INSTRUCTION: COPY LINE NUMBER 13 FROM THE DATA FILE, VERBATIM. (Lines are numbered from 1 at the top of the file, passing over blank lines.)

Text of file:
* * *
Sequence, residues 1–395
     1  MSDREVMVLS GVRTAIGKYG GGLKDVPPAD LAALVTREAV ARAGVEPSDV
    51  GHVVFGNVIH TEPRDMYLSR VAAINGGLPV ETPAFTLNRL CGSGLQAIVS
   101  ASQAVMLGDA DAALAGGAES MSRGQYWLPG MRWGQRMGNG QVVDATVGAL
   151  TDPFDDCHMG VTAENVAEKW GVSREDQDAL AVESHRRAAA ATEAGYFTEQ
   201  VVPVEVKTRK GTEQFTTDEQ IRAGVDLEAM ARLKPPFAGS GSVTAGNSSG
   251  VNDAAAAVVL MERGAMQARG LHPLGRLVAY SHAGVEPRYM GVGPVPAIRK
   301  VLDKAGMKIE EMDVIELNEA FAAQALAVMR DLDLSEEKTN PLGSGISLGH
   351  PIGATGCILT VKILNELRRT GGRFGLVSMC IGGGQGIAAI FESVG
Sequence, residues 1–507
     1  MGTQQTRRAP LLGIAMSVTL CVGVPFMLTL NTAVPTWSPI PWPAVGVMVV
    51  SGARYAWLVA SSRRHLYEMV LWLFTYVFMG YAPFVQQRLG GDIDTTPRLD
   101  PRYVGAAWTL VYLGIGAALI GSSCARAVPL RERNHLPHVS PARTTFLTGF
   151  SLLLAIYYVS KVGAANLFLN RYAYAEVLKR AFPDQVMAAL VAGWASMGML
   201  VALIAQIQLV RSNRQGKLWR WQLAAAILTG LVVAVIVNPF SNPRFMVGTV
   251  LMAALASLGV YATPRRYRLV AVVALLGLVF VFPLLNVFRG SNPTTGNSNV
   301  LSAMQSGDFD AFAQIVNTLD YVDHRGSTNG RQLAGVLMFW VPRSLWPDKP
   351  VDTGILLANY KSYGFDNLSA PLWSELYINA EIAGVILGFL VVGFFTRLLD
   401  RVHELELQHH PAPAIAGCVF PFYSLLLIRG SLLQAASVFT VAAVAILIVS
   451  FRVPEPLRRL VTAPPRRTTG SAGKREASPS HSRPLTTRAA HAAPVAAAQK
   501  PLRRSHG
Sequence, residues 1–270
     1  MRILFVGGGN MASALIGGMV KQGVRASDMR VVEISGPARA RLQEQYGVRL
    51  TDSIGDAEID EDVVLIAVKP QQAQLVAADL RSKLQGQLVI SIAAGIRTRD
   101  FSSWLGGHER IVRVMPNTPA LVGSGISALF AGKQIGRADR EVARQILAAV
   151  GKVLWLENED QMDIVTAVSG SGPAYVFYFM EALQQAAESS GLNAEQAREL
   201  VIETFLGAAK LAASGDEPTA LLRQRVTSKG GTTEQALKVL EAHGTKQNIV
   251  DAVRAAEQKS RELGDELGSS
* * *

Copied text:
   101  PRYVGAAWTL VYLGIGAALI GSSCARAVPL RERNHLPHVS PARTTFLTGF